Marfa Kovalenko was six when the Holodomor began. All those terrifying events of the Ukrainian genocide were engraved in her memory, despite her very young age. The family’s only cow was confiscated; they were promised to get a cow back sometime later, but her father made it clear: he would not take any other cow besides his own, not an animal seized from some other family because of him. Thanks to the mutual support in the village, Marfa’s family managed to survive.
The Holodomor of 1932–1933 was the genocide of the Ukrainian nation. In this way Stalin was trying to suppress the Ukrainian farmers which opposed collectivisation and rose against the Soviet rule en masse. Unrealistically high quotas for the state grain procurement plans, coercive expropriation of people’s land, property, and food led to an artificial famine in many villages. The Holodomor killed millions of Ukrainians.
Ukraine officially recognised the Holodomor as a genocide against the Ukrainian nation by a special law in 2006. Later, such countries as Australia, Canada, Columbia, Ecuador, Estonia, Georgia, Hungary, Latvia, Lithuania, Mexico, Paraguay, Peru, Poland, Portugal, USA, and the Vatican all supported this claim.
The topic of the Holodomor was banned completely in the Soviet Union. In Ukraine, the investigation of the archives started only after the country became independent. The recollections of eyewitnesses remain an important source of information about those events. But with every year their numbers dwindle.
Kostiantyniv. Marfa’s family
Kostiantyniv village is situated on the right bank of the Sula river in Slobozhanshchyna region. In the 17th century, it was a thriving trading point, which in the 19th century came into the possession of the Russian Count Golovkin’s family and after that, of the Russian Count Khvoshchinsky’s family. It was Khvoshchinsky’s manor where Marfa’s grandfather, Yakym Kovalenko, worked as a farm labourer (which later saved his family from starving to death).
Marfa Kovalenko was born in 1926 into the family of a physician assistant. Danylo, her father, attended the general practice in the nearby village, Korovyntsi, where that practice had been relocated from Kostiantyniv by Count Golovkin. Apart from a physician assistant, the practice also had other medical practitioners and among them, even surgeons; they had a wagon for home visits. There was accommodation for practitioners and their families nearby, and this was where Marfa’s parents lived. Marfa mostly preferred to stay at her grandfather’s home in Kostiantyniv, so her parents visited her almost every day.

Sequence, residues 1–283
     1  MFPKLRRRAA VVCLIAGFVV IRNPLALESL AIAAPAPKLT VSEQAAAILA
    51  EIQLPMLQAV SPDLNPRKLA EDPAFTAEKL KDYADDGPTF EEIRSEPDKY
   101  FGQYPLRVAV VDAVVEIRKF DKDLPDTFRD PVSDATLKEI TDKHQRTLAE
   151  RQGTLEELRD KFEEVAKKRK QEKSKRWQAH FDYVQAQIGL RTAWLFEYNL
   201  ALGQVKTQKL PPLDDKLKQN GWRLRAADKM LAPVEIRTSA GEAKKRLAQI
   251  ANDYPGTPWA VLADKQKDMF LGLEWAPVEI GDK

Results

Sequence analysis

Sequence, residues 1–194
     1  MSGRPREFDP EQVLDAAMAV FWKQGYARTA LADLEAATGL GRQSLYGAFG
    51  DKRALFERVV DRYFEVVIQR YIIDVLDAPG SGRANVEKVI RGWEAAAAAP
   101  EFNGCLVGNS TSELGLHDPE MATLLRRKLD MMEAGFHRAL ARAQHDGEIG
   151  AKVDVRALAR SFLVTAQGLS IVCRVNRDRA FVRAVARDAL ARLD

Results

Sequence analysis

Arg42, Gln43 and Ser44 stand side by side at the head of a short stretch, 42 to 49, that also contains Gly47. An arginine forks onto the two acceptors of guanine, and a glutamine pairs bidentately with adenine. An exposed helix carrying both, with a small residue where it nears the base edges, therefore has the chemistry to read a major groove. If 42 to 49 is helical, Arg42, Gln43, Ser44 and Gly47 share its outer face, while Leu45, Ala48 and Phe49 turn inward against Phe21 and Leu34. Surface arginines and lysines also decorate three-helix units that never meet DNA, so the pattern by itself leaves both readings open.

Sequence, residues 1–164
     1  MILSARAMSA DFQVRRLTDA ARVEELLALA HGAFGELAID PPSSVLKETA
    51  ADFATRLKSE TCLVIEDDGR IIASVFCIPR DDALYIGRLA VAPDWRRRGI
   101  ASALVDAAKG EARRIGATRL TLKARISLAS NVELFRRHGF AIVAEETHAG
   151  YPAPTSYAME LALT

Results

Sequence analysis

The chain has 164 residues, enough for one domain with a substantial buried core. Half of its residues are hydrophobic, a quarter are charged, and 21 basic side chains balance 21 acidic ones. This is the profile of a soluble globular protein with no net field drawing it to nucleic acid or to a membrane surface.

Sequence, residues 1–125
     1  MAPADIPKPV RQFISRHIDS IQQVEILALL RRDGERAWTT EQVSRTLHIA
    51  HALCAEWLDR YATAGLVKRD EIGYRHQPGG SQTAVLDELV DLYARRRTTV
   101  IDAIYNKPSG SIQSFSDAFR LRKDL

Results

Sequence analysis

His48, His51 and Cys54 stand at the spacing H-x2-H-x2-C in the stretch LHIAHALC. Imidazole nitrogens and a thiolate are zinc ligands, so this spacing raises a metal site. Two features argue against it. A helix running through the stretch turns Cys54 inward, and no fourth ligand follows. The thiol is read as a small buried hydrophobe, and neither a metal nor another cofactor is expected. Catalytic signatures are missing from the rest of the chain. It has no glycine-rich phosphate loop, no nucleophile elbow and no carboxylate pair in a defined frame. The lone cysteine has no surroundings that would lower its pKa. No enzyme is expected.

Marfa’s parents had two more children: Oleksii, who had died of scarlet fever before her birth, and Fedir. Her father’s younger sister also died of scarlet fever. Marfa herself caught the disease when she was little, but she survived, despite high mortality rates.
— When my brother visited me, he was not allowed to come inside. Only as I started to recover were we permitted to talk through the window. He was standing outside, I was sitting inside, next to the window, — and so we were chatting. Then he would either head straight back to Korovyntsi or stay at our neighbours’ overnight, and in the morning he would go to school in Korovyntsi with the other children.
Kostiantyniv village, the house of Yakym Kovalenko, Marfa’s grandfather, where she survived the Holodomor.
When collectivisation and dekulakisation (mass expropriation — tr.) began in Ukraine, Marfa’s family was among those who suffered. Wealthy and hardworking Ukrainians were called “kulaks”. In the 1930s, everyone opposing collectivisation was considered a “kulak”. This was how the Bolsheviks tried to forcibly change the people’s values and to inculcate the principles of collective farming. They thus confiscated land and property from individual owners, proclaiming them “kulaks”.
— We had a small vegetable plot, but still they cut off most of it. My father was not in a kolhosp (a collective farm — tr.), so he was only allowed to keep 1.5 hectares, the area near our yard. So my father told the expropriators, “You may take away the vegetable plot, but please leave me a small garden up there.” And so the land adjacent to our house was seized, and crops were planted there, on my grandfather’s plot, by a collective farm. I could only use a narrow path to walk through it to what was left of our garden.
Patrol brigades, metal spikes, and smashed pottery
Marfa was only six when the famine began. She remembers the winter of 1932–1933 the most. Those were hard times, but they still had some food:
— We still had some potatoes and beetroot in the cellar, and some pickled cabbage and gherkins.